INTRODUCTION: The Chinese government has admitted that it is worried about rising unemployment in the country -- especially among the young.
GV Unemployed youngsters in Peking (3 shots)
SV People in streets and shop collectives
GV EXTERIOR High school
SV INTERIOR Chinese teacher with pupils in school (3 shots)
GV Shanghai streets with buses and workers (2 shots)
SV ZOOM OUT TO GV Poster on wall
SV Workers on building site (2 shots)
SV Food stalls (private enterprise) (3 shots)
SV Man selling goods on pavement
SCU & GV Man cutting hair on pavement (2 shots)
SV Cobblers on street (3 shots)
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Background: INTRODUCTION: The Chinese government has admitted that it is worried about rising unemployment in the country -- especially among the young. It has started a campaign to promote private enterprise and has said that the State can no longer employ all the urban workforce.
SYNOPSIS: During the Cultural Revolution, many of China's youth were sent to the country to work with the peasants. Since the downfall of the Gang of Four and the change of government, they have begun returning to the cities and there is no work for them. More than 13 million youngsters were sent into the country between 1966 and 1976. Both those returning and those already in the cities are having trouble finding work.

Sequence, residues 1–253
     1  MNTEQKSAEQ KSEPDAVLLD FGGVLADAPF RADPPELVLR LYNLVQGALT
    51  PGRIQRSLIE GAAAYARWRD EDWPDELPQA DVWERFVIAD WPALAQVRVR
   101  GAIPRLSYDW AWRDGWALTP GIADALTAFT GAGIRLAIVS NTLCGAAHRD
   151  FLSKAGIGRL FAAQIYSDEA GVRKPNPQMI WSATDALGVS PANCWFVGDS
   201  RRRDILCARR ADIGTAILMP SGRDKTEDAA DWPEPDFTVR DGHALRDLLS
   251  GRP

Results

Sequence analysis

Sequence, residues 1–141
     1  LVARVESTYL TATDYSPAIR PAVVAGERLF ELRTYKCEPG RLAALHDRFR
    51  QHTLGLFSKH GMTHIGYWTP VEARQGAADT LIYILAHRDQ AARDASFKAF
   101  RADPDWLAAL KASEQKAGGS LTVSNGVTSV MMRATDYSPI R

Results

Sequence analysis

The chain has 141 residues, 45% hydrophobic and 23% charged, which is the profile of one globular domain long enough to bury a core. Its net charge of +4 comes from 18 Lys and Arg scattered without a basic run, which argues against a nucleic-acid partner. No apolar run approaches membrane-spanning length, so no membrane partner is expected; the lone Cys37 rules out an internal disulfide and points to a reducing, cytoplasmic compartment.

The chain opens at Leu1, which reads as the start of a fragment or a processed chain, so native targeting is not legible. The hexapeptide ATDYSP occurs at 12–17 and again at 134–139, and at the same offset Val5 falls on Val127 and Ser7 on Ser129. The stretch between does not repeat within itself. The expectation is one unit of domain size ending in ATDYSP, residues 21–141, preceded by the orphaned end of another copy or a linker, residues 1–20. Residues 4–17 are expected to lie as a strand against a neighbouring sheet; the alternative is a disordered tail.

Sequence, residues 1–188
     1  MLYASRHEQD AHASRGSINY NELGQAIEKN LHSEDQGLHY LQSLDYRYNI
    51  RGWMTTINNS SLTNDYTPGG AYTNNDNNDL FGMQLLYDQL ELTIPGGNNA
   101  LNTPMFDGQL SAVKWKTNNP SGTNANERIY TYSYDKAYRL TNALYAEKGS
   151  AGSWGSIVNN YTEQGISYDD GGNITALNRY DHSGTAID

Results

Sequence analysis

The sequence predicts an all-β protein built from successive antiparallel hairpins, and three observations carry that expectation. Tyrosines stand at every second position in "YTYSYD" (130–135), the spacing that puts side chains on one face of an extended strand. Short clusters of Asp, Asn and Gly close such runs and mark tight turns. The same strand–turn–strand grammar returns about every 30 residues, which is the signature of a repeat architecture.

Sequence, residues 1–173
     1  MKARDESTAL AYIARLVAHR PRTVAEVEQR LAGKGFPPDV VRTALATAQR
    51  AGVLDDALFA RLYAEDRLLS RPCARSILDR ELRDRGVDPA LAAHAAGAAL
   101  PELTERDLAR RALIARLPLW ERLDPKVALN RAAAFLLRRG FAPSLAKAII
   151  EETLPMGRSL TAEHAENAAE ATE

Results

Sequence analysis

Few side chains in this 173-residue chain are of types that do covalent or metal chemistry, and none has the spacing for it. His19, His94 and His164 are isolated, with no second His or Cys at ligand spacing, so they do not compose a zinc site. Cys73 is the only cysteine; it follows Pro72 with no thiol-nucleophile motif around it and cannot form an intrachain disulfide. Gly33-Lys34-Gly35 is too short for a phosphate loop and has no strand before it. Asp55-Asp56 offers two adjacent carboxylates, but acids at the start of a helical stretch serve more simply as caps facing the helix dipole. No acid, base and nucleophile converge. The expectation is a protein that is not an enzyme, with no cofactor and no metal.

In Peking, shop collectives have been set up and schools opened at night to give the youngsters a chance to obtain qualifications. The government has said that urban co-operatives and private business would have to expand to absorb more workers. They have also ordered an end to discrimination against private enterprise workers.
In Shanghai, workers are constructing a massive hotel -- but their job security is less than complete. It has been reported that workers are even getting the sack -- something unheard of previously. The government has confirmed it will have difficulty in reaching its target of nine or ten million new jobs this year.
Chinese banks are encouraging the people to borrow money to start their own businesses. Workers have started food stalls and are meeting with considerable success. They form co-operatives and draw a wage and monthly bonus -- dependent on profits. Graduates, however, are still assigned work by the State. They are not permitted to find their own jobs.
Goods are sold by private individuals from the pavement and even a haircut can be obtained at the side of the road.
China hopes that by the end of this year the unemployment problem will be under control. Mass demonstrations in Shanghai a few months ago led to the government's new employment programme and encouragement of private enterprise.